• In the realm of open source technology, there is nothing to stop anyone from literally copy and pasting someone else’s project. So this article explains what happens when an NFT project gets copied on another blockchain. As it turns out, even open source advocates say “decentralization shouldn’t mean copycats fly free.”

“Pakistani Province Plans To Build Pilot Cryptocurrency Mining Farms” by Umar Farooq, Reuters

  • We love the way this article addresses the energy consumption issue without moralizing the environmental costs or fixating on it. Many developing nations want a more prominent role in the global economy than they currently have in the dollar system. This piece frames that topic with political context. Kudos! 

“Nigeria Can’t Decide What To Do About the Rise and Fall of Cryptocurrency” by Innocent Chizaram Ilo, Rest of the World

  • We love so many things about this article, written by a Nigerian with intimate knowledge of his local market. That cultural competence really shines through, with regards to both the sourcing and references to local politics. We hope to see more outlets hiring diverse freelancers to report on the nuances of local bitcoin trends. After all, rumor has it that cryptocurrency can be useful for paying freelancers across borders. 


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ACJR Membership

Remember, ACJR has a lot more going on than just this (fabulous) newsletter. You can suggest topics for our future online meetups and participate in our book club via Telegram. If you want to help us with upcoming programs, please contact us via social media or our website.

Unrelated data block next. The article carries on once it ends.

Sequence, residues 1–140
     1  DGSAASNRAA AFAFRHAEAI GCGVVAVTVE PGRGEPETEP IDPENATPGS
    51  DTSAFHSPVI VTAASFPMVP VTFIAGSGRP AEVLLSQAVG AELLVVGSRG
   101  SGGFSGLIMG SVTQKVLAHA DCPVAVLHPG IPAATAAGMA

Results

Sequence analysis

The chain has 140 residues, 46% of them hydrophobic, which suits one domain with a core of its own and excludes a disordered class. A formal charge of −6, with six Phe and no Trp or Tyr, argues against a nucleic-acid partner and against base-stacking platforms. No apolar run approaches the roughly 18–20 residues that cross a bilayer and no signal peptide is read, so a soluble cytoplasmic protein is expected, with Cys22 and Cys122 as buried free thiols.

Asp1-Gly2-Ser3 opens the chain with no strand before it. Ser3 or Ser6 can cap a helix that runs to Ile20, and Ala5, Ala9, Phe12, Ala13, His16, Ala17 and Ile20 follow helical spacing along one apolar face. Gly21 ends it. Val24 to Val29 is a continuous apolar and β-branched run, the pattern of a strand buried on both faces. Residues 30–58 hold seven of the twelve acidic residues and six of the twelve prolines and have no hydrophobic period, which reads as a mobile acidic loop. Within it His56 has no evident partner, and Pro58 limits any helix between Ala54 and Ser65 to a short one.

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Next, we’ll turn to a guest column from Bitcoin Magazine editor Aaron van Wirdum, about why he isn’t covering the NFT craze:

21 million, that’s the limit. 

It’s an arbitrary number, of course. It could have been 10 million. Or 21 trillion. In fact, since each of the 21 million bitcoin can be divided into 100 million sub-units, you could argue that the real number is 2.1 quadrillion. But that’s complicating things. Satoshi Nakamoto offered the world digital scarcity, and he chose to divide it into 21 million units.

The 21 million limit matters. If Bitcoin ever becomes the world's reserve currency, owning one bitcoin means you’d own exactly 1/21,000,000 of the global money supply. “Even if the odds of Bitcoin succeeding to this degree are slim,” Bitcoin pioneer Hal Finney reasoned, they’re probably not zero. This lets you make a risk/reward calculation and, like Satoshi Nakamoto himself, draw the conclusion that “it might make sense to get some in case it catches on.”

Most journalists cover all cryptocurrencies as if they’re equal. But if Litecoin, with its 84 million coins, is considered an equal to Bitcoin, that makes for a total of 105 million units. Add XRP, and we have a total of 100,105,000,000. Never mind Ethereum; its supply even changes whenever its developers decide it’s time to change it. And I don’t even understand the latest hype around NFTs.

No, if we consider all cryptocurrencies as if all are equal, the rationale for valuing any of them falls apart. Covering cryptocurrencies as if all are equal, then, might encourage investment in speculative distractions. That’s why I cover Bitcoin-- and only Bitcoin.

21 million, that’s the limit.

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That’s it for March! Please keep sending us all the memes, and of course, follow us on Twitter, join our Telegram group and check out our website. We can’t wait to see what the market has in store for us in April!